Out of all the episodes in the series, this is probably the episode that had garnered a lot of the publicity prior to the actual series starting. And that’s because of its high-profile writer, Richard Curtis.
The second “celebrity historical” of the year, finds the Doctor and Amy discovering a monster in one of Vincent Van Gogh’s paintings, leading them back to visit him and find out what happened.
What follows is a particularly powerful story revolving, not around the mystery of the monster in the painting, but instead around the character of Vincent Van Gogh. Here’s someone regarded as one of the best painters who ever lived, but in his own time, he’s a joke, thought mad by all that live around him, unable to generate even the slightest amount of interest in his work and his vision, and ultimately battling with the depression that this causes.
And its his unique vision which becomes the central conceit of the story. He sees the world in such a singular way that he is aware of the things other people miss. This is presented fairly literally (he can see the otherwise invisible monster) but also just as an eye for the details others overlook, such as when he sees the pain Amy is in, even though she herself has no memory of the loss of Rory (and there’s the wonderful look of remorse on the Doctor’s face when Vincent mentions this, a nice touch by Matt Smith).
The monster itself basically becomes an excuse for the focus on Van Gogh’s character and his struggles, although there is the nice twist that the monster itself was blind, another nod to Van Gogh’s vision being a focus of the story.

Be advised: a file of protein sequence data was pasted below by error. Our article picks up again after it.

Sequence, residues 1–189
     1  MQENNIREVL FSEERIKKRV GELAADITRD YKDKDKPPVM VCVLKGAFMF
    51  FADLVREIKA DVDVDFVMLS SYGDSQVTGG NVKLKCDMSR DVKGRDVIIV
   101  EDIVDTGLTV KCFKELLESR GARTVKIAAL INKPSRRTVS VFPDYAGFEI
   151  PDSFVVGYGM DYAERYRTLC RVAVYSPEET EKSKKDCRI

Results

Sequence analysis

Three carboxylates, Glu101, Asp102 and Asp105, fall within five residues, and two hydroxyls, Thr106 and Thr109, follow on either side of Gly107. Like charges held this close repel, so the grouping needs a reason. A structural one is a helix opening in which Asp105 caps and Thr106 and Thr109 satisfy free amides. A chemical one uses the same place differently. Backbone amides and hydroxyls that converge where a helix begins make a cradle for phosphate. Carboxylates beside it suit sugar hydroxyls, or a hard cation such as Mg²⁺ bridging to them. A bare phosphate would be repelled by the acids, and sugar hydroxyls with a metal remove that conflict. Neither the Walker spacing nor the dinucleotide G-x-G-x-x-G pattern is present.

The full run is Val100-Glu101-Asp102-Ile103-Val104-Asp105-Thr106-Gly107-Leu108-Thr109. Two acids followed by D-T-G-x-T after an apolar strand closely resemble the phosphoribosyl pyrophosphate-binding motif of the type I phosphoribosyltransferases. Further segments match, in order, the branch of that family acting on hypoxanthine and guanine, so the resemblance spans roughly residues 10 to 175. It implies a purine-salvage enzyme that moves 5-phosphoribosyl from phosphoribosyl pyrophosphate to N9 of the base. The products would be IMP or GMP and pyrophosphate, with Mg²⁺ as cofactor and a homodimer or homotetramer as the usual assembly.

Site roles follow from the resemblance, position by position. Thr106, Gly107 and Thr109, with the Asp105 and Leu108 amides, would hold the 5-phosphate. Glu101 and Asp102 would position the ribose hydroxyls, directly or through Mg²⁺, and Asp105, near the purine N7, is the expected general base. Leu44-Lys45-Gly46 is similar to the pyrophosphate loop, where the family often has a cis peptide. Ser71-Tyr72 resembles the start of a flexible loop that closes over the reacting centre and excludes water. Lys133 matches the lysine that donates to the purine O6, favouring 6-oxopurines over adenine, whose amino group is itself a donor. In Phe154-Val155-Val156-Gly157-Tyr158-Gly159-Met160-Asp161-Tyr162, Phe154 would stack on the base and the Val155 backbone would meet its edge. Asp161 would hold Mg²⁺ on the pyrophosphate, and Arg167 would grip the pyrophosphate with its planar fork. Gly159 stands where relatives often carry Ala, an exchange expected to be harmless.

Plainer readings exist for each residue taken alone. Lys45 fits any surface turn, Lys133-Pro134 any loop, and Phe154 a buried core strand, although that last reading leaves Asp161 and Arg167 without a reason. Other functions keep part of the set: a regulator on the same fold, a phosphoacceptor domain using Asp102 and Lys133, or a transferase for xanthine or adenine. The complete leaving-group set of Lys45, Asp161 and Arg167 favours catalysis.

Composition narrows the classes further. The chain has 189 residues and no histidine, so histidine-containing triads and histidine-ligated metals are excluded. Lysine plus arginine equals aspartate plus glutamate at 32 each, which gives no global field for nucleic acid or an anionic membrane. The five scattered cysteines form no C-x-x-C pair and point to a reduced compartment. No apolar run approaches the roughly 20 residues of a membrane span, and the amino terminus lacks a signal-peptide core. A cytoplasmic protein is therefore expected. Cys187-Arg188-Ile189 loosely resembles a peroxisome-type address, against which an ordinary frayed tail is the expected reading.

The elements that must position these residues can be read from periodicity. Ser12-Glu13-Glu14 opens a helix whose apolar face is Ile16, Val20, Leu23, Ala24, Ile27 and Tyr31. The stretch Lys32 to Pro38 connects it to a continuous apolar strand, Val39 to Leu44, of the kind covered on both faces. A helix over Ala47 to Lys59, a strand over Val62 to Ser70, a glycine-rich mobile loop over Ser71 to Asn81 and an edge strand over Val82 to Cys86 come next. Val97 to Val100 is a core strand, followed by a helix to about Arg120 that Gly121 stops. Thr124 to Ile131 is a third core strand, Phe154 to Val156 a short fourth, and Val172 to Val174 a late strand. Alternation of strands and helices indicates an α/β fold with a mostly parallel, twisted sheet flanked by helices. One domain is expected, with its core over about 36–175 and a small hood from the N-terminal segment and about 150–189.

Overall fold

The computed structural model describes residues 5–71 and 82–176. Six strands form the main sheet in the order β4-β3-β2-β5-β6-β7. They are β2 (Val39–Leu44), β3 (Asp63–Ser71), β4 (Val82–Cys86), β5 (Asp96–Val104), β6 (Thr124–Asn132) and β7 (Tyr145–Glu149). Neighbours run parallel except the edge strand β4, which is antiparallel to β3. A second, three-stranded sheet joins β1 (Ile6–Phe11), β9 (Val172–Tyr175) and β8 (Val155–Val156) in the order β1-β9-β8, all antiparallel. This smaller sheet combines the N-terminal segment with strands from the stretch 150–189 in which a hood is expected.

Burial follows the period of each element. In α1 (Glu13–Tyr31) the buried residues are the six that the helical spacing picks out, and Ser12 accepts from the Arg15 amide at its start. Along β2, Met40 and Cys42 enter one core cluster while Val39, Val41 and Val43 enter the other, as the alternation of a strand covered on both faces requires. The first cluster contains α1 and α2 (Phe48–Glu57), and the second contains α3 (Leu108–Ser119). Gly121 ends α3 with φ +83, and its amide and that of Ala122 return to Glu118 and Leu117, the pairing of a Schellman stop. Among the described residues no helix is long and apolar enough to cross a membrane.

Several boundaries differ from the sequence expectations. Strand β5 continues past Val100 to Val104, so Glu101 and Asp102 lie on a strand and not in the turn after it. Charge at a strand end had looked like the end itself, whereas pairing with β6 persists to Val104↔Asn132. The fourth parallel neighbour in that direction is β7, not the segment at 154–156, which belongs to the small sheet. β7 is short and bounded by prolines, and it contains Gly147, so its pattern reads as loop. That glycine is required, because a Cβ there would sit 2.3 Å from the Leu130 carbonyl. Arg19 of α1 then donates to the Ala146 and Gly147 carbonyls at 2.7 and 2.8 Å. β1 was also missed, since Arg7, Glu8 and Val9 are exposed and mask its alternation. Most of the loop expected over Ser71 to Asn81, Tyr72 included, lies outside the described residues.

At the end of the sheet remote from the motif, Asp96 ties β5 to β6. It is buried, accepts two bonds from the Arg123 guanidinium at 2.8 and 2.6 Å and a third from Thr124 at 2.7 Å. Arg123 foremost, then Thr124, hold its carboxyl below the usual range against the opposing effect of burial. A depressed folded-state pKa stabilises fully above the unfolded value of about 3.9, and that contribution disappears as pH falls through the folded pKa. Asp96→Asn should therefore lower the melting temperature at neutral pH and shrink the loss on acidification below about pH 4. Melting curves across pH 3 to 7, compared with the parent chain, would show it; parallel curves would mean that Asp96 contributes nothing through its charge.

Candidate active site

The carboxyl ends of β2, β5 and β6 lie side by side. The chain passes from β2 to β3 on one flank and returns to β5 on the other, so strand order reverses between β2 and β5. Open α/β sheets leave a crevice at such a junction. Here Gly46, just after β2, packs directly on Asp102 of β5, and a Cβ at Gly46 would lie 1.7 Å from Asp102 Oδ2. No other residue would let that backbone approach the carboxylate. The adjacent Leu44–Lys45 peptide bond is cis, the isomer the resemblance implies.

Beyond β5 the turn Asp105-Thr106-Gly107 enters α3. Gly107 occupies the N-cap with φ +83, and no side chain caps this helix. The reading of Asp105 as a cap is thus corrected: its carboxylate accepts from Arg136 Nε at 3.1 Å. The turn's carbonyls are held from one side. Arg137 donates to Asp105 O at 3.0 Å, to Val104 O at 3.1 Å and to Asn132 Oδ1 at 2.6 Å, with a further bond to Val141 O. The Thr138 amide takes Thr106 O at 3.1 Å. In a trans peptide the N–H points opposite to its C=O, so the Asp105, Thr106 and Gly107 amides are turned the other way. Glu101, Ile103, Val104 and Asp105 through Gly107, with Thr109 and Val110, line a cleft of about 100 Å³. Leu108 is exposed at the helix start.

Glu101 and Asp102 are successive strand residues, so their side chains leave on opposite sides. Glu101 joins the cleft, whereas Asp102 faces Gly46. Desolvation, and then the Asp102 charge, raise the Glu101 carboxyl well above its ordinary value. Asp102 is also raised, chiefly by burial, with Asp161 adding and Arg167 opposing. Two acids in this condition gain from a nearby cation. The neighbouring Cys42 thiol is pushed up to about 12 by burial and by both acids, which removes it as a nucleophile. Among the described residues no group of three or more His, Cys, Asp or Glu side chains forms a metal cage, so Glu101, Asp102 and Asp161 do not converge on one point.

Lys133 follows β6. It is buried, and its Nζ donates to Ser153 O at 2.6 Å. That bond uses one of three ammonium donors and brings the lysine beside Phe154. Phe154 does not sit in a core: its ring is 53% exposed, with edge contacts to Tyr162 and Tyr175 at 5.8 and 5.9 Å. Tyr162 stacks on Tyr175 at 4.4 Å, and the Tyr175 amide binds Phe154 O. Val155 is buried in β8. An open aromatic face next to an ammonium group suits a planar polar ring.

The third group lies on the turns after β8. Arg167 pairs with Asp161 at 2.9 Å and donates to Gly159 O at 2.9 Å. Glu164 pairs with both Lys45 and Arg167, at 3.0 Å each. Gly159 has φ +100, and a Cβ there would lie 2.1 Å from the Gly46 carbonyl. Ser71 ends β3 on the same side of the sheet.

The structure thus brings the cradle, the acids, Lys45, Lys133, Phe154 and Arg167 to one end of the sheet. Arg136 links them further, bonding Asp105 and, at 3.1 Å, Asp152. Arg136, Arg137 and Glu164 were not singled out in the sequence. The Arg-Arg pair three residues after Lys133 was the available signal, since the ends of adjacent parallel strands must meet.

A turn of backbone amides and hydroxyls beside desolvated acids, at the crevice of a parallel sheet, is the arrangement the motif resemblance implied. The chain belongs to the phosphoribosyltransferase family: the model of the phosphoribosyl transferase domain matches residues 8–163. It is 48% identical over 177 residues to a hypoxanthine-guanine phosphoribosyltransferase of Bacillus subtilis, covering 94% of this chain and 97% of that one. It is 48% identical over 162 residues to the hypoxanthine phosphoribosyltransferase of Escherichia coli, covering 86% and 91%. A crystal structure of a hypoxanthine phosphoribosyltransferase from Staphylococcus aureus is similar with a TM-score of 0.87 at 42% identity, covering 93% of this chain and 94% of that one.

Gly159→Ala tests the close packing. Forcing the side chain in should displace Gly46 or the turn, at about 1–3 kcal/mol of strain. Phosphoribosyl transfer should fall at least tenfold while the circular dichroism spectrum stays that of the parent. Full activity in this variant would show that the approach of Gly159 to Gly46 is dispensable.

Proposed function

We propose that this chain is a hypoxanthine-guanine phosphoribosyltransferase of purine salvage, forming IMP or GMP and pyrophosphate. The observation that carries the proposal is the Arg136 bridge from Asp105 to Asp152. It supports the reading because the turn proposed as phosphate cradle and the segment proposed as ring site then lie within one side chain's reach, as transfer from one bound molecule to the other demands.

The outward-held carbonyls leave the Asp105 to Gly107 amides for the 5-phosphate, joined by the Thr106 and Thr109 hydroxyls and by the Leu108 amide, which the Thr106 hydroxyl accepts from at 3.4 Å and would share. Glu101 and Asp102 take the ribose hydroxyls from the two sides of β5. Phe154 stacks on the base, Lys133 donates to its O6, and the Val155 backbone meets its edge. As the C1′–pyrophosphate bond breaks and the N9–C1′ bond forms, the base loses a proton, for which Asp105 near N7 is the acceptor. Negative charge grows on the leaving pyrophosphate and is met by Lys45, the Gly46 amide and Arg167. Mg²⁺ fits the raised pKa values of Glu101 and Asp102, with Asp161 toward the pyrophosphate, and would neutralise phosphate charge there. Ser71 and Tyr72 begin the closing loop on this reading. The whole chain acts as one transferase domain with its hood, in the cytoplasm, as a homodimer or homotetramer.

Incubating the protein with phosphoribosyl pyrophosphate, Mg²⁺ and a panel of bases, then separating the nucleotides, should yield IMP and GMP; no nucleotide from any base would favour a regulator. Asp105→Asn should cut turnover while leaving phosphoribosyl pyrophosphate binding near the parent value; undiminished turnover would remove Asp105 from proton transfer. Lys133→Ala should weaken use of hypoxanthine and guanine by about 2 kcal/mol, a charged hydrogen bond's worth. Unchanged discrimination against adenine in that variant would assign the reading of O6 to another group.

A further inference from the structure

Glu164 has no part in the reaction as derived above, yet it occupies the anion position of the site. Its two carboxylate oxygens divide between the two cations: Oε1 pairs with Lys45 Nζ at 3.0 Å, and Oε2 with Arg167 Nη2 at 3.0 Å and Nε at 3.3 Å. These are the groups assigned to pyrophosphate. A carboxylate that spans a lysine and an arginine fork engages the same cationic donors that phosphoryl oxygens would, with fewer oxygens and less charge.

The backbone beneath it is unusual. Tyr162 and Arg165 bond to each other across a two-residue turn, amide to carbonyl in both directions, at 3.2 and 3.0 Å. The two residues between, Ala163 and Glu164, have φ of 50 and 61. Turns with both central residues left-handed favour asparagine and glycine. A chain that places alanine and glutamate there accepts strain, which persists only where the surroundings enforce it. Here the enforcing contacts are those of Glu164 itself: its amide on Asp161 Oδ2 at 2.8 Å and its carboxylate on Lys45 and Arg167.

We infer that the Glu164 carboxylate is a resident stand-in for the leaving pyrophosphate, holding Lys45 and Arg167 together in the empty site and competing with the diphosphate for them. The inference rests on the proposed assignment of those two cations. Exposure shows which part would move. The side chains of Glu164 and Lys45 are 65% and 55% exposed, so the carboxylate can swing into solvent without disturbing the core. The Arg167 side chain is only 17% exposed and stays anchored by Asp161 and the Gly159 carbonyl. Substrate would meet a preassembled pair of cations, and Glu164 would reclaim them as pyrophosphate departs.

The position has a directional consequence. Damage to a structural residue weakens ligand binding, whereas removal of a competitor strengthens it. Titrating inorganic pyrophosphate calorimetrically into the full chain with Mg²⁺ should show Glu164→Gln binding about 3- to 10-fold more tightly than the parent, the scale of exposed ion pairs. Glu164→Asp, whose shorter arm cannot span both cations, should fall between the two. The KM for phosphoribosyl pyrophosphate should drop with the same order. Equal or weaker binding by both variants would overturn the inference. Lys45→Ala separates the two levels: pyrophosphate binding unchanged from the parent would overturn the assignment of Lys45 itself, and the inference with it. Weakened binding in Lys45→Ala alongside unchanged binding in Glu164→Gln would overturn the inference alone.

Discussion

All this culminates in the great scene where the Doctor and Amy take Van Gogh back with them to 2010 to let him see his work being exhibited, and see how his art is loved and appreciated (with a great guest turn by Bill Nighy). It was a surprising part of the episode for me, as I don’t think we’ve ever really see the Doctor do this before. As Van Gogh starts to break down its hugely powerful, and then only underscored when they return and, despite Amy’s hopes that they turned things around for him, she discovers Van Gogh still committed suicide a few months later. From the expression on the Doctor’s face, I have to assume he knew this would be the outcome all along, hence his willingness to give Van Gogh the little glimpse of the future.
This episode definitely stands out in the series so far for being a bit different to what we’ve had up until now. With the monster taking such a major backseat to the guest star, it gave us a strong look into who Van Gogh was, I think this was possibly the strongest “celebrity historical” appearance to date, and it certainly gave us more insight into the man than, say, Churchill a few weeks before.
A great episode, and one that I think really stands out as a high point in the series. The specific character-focused plot I think works particularly well as it provided a shift in tone from most other episodes, and there’s that magical moment where all the characters are staring at the night sky, and see it resolve into how Van Gogh sees it.